April 30, 2017 § Leave a comment
Slowly winding down a five-week fellowship at the Università di Bologna and catching up on some long overdue tourism. I spent one day at Cesena, where the University’s Architecture department has a base, and lectured to a nicely enthusiastic crowd of students on our current CHiRG research, which has to do with the technical development of the ‘glass box’ in the 1950s. In return, I got a fine day out in a small town that deserves more tourist action than it gets. Cesena, like a lot of small cities in Romagna, was occupied variously by the French, the Lombards, the Papal States, and its own city-state government, and it’s a palimpsest of influences. Including the oldest public library in Italy, maybe in the world–the Malatestiana Library, finished in 1452 and pretty clearly an influence on Michelangelo’s Laurentian Library, which was started just 70 years later. Ernesto Antonini, Professor of Architecture there, organized the lecture and generously indulged me with an afternoon at the library and around town. The piadine in Cesena is, according to the locals, better than anywhere else in Italy, and I’ve seen no evidence to the contrary. (Think love-child of a quesadilla and a pizza. Nothing not to like, really).
But then there is also some pure tourism to do, including Ravenna, which I’ve never managed to get to on previous trips. It’s slightly out of the way, which is why the last gasps of the Roman Empire found it to be a convenient hideout in the 6th century. The mosaics, as advertised, are spectacular, but it was also fascinating to see well-preserved examples of early Christian architecture of two types–baptistery and basilica–in such close proximity. Compared with the more vast construction achievements of the empire at its height, and with the more orderly and refined buildings of the Renaissance, this era has always seemed less interesting to me, but then I’ve never seen much of it first hand. A day of immersion in San Vitale, Sant’Apollinare Nuova, and the Neoniano Baptistery were healthy doses of reconsideration for me, because you can see not only the struggle to match the scale of their predecessors (but without the benefit of concrete by this point, since supplies of pozzolan from Vesuvius were no longer politically possible, and knowledge of the technique seems to have withered entirely), but also to rival what was by then the far superior building culture of the Byzantines to the east. San Vitale was started a decade before the Aya Sophia, and the similarities in form and structure are clear. They’re poignant masterpieces–very little of consequence was built on the peninsula for another four centuries after these structures, and they really represent the tail end of Rome’s building culture.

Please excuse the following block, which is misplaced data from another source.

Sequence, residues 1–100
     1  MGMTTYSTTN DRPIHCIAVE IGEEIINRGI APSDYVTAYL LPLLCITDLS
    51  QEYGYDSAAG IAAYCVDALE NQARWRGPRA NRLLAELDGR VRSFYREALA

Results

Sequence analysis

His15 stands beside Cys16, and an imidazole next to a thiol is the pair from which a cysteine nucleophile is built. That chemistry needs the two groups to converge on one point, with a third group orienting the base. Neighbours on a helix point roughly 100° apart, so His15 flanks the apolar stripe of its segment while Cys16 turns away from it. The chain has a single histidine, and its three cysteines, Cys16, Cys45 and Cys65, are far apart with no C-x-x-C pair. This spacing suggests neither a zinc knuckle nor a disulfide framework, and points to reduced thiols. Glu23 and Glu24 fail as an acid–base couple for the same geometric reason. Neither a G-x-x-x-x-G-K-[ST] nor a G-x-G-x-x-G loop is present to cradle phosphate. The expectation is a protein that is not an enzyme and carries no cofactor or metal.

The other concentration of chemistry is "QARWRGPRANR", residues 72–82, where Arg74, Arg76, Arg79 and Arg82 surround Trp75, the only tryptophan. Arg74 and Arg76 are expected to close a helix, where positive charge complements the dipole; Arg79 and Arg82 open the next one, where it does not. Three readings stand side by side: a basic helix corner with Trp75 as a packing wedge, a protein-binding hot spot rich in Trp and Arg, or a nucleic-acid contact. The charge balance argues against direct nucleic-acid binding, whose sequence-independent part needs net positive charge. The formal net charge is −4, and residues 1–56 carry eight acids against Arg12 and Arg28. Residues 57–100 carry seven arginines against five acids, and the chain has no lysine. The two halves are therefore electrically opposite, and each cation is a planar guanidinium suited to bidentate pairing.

And the mosaics, frankly, aren’t hard to look at, either.
April 28, 2017 § 4 Comments
Singing for my supper…and being invited to more speaking gigs in impossibly intimidating rooms. The University here held a symposium here this week on the role of the Manifattura Tabbachi in Italian culture and Bologna’s history, with contributions from literary and labor history scholars about the larger scope of the Italian state’s monopoly on tobacco (and salt, etc.) in the 20th century. Who’d turn down a chance to sit in when the venue is a 16th century hall with frescoes by Fontana and a staircase by (maybe) Bramante?
Whether I did justice to it or not is another story. My fellowship here has revolved around Nervi’s warehouse and production facility for the monopoly in Bologna, and after a semi-official tour organized by Jacopo Ibello’s Save Industrial Heritage organization and some enlightening conversation with scholars and students here I’ve been looking at the processes Nervi used to build the ballete, which is relatively famous as an example of his interest in patterned slabs using ferrocemento formwork. The Gatti Wool Factory is the most famous of these (and the subject of a particularly good fence-jumping adventure five years ago), but Bologna was his first built experiment in the expressive potential of ferrocemento formwork, and thus of particular interest.
It’s a subtle detail, but you can see from the image above that, unlike conventional two-way, or “waffle” slabs, Nervi’s slab design here includes subtle flare-outs of the joists as they approach the girders, an acknowledgement that shear forces within the former are increasing as they pick up more and more load from the slab above. You can also see that the girders flare out (in section rather than in pain) as they approach the columns, reflecting the same principle. These aren’t really necessary statically, but they resonate with our understanding of the way the stresses in the frame get collected and transferred –whether you know your two-way slab theory or not, I’d argue that this looks intuitively satisfying in ways that a conventional waffle slab doesn’t. It’s a nice, thoughtful piece of ornamentation in the Albertian sense–of clarifying how things are actually working and visually emphasizing the story Nervi wanted to tell.
Ferrocemento allowed him to do this, since the formwork pans were produced by bending wire mesh over a clay mold and then troweling the result with lightweight cement wasn’t limited to the straight, flat surfaces of steel or timber forms. Nervi had used the material with great success in naval experiments during WWII for the Italian Navy, and for the sublime–but incredibly efficient–roof of the Salone B at the Turin Esposizione.
So, between my archival trawl a few years ago and the brilliant work of Sofia Nannini, whose thesis here at Bologna this year was on the Tabbachi, there’s enough information to reconstruct Nervi’s process, and–maybe more interestingly–to reconstruct the ‘machine’ he used to form these slabs. Photos of the construction site show this–brigades of light scaffolding with pans on top, set onto rails that allowed crews to raise them into place, pour concrete over them, and then once the concrete had cured to ‘disarm’ the formwork by lowering it on the scaffold and move the whole system up seven bays, or one week’s curing time. (English doesn’t have a word for removing formwork, but in Italian it’s disarmare. Like cantiere, a word that means both “shipyard” and “job site,” this is one of those linguistic oddities that tells you just a bit about different attitudes toward construction between the two cultures…)